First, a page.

Ashish writes for The Independent Online

Ashish Prashar
Thursday 21st May 2020
Covid-19 has exposed our institutional trigger finger when it comes to locking people up." data-share-imageurl="">

Ashish Prashar writes an article published in The Independent Online, entitled: Thousands of prisoners may be exposed to coronavirus – we need to release them all. 4,000 people were cleared for early release but officials have been abysmally slow to act. Below is the article in full.


Covid-19 has exposed our institutional trigger finger when it comes to locking people up. Scotland, England and Wales have the highest imprisonment rates in western Europe, and yet there is no evidence of a link between the prison population and crime levels.

The rhetoric around "getting tough on crime" has led to an unmanageable and damaging justice system, and created overcrowding conditions so serious that prisons have become a petri dish for Covid-19. The number of prisoners with suspected Covid-19 is five times the official figures of confirmed cases, and steps taken to reduce infection are often cruel: in one young offender institution, children are spending just 40 minutes per day outside of their cells.

While some action has been taken to limit the risk of Covid-19 in prisons (4,000 people were cleared for early release), officials have been abysmally slow to act, a problem when dealing with a pandemic. Of those under the early release scheme, just 55 have been released so far.

Looking at our track record, it's clear why things have been so stagnant.

In 2018, 59,000 people were sent to prison. Almost 70 per cent of those sentences were for non-violent offences. Almost half were sentenced to serve six months or less. Most people currently imprisoned do not pose a risk to society, but need community support and a way out of crime. Incarceration makes that path to restoration almost impossible.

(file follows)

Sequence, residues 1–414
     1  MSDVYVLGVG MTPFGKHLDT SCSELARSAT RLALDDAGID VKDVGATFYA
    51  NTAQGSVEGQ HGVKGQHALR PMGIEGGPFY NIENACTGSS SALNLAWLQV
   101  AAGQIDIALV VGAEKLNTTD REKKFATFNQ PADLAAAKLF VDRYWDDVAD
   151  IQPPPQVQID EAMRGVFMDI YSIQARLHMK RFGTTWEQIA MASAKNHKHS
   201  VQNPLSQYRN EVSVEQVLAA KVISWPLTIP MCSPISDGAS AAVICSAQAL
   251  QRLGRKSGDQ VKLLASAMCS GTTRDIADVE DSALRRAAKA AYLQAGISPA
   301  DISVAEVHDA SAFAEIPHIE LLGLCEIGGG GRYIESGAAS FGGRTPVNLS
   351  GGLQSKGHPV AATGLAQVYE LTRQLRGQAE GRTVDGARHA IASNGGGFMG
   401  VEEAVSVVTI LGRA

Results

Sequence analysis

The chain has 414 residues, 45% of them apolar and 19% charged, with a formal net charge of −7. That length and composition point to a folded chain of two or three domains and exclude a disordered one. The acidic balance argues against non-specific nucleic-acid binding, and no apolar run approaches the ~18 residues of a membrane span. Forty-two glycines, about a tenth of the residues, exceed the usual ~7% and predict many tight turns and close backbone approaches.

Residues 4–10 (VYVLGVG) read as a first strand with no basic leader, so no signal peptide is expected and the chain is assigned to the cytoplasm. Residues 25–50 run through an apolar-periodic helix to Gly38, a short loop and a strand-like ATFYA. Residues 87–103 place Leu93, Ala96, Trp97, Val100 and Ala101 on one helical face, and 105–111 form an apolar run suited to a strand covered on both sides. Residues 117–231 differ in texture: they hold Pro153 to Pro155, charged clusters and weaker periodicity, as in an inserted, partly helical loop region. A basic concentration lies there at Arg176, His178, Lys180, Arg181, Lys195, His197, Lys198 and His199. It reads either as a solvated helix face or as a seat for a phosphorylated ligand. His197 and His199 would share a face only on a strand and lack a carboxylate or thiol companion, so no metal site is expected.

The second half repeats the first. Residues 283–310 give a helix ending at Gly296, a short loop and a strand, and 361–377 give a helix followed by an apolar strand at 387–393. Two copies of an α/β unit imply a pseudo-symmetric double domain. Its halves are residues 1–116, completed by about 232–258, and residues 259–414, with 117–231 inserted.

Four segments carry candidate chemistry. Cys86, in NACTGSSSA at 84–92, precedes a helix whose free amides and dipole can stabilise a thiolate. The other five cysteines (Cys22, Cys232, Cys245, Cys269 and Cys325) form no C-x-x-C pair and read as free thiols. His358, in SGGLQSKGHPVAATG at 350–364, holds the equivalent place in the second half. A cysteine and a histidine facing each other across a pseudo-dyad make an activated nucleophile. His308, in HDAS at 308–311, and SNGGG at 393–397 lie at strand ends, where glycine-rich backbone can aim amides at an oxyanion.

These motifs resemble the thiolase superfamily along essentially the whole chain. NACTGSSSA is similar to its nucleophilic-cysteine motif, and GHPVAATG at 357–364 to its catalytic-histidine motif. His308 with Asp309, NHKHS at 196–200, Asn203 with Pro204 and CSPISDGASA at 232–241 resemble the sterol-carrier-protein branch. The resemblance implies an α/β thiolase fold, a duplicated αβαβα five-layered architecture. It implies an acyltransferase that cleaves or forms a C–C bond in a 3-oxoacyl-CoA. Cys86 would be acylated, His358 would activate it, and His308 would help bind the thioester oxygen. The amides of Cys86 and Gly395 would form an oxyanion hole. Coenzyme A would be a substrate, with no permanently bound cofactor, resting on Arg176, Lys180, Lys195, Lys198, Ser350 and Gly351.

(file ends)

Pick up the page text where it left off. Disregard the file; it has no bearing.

In the wake of Covid-19 and tightening government budgets, there is an opportunity for significant nationwide expansion of alternatives to incarceration and detention, and impactful reform of the justice system.

Research has shown that community sentences are more effective for re-offenders, and particularly for those with mental health issues, but their use has more than halved in a decade. Instead, we are increasingly imprisoning people. This attitude of retribution leads to overcrowded and understaffed prisons where abuse, violence and riots are common. The cycle of harm continues, and violence spreads.

Self-harm in English and Welsh prisons rose by 14 per cent last year due to terrible conditions of constant confinement, and prison employees at multiple prisons are increasingly using violence and fear as tactics against even peaceful and compliant incarcerated people.

Our system today is built on a punitive theory of justice, that if we punish people – isolate them from community, family and friends, they won’t re-offend, and any survivors will be satisfied. But we know that incarceration just does further damage to those incarcerated and to their community. We also know that survivors are often left unsatisfied, unable to get the healing and closure they deserve.